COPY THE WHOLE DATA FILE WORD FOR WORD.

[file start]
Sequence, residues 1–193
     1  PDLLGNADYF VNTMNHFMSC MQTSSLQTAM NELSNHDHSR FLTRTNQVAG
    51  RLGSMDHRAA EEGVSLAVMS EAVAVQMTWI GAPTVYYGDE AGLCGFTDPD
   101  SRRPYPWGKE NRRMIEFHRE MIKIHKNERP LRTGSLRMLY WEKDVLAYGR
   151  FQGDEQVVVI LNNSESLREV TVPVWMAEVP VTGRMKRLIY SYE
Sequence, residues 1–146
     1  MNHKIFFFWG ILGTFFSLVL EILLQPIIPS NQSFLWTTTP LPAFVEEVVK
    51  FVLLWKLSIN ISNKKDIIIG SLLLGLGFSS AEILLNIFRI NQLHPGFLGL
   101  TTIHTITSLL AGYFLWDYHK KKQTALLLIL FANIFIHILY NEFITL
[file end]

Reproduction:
Sequence, residues 1–193
     1  PDLLGNADYF VNTMNHFMSC MQTSSLQTAM NELSNHDHSR FLTRTNQVAG
    51  RLGSMDHRAA EEGVSLAVMS EAVAVQMTWI GAPTVYYGDE AGLCGFTDPD
   101  SRRPYPWGKE NRRMIEFHRE MIKIHKNERP LRTGSLRMLY WEKDVLAYGR
   151  FQGDEQVVVI LNNSESLREV TVPVWMAEVP VTGRMKRLIY SYE
Sequence, residues 1–146
     1  MNHKIFFFWG ILGTFFSLVL EILLQPIIPS NQSFLWTTTP LPAFVEEVVK
    51  FVLLWKLSIN ISNKKDIIIG SLLLGLGFSS AEILLNIFRI NQLHPGFLGL
   101  TTIHTITSLL AGYFLWDYHK KKQTALLLIL FANIFIHILY NEFITL